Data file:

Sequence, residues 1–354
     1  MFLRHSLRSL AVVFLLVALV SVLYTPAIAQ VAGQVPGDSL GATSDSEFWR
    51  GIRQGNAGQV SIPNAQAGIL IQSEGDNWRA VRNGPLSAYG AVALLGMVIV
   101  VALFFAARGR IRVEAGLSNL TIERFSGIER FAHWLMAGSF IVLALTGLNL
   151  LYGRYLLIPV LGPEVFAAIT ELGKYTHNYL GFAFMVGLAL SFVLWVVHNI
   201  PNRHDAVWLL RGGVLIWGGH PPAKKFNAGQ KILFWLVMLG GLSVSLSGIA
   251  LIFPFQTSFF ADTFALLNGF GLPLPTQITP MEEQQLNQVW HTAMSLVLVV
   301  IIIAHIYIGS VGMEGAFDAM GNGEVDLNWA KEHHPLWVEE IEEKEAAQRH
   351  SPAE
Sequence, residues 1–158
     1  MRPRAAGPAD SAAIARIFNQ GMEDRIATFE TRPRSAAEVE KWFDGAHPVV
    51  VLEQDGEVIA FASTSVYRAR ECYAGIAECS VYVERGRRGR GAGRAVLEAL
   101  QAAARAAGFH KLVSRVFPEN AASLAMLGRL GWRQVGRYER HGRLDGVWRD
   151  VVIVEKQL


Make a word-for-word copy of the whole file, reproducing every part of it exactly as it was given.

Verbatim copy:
Sequence, residues 1–354
     1  MFLRHSLRSL AVVFLLVALV SVLYTPAIAQ VAGQVPGDSL GATSDSEFWR
    51  GIRQGNAGQV SIPNAQAGIL IQSEGDNWRA VRNGPLSAYG AVALLGMVIV
   101  VALFFAARGR IRVEAGLSNL TIERFSGIER FAHWLMAGSF IVLALTGLNL
   151  LYGRYLLIPV LGPEVFAAIT ELGKYTHNYL GFAFMVGLAL SFVLWVVHNI
   201  PNRHDAVWLL RGGVLIWGGH PPAKKFNAGQ KILFWLVMLG GLSVSLSGIA
   251  LIFPFQTSFF ADTFALLNGF GLPLPTQITP MEEQQLNQVW HTAMSLVLVV
   301  IIIAHIYIGS VGMEGAFDAM GNGEVDLNWA KEHHPLWVEE IEEKEAAQRH
   351  SPAE
Sequence, residues 1–158
     1  MRPRAAGPAD SAAIARIFNQ GMEDRIATFE TRPRSAAEVE KWFDGAHPVV
    51  VLEQDGEVIA FASTSVYRAR ECYAGIAECS VYVERGRRGR GAGRAVLEAL
   101  QAAARAAGFH KLVSRVFPEN AASLAMLGRL GWRQVGRYER HGRLDGVWRD
   151  VVIVEKQL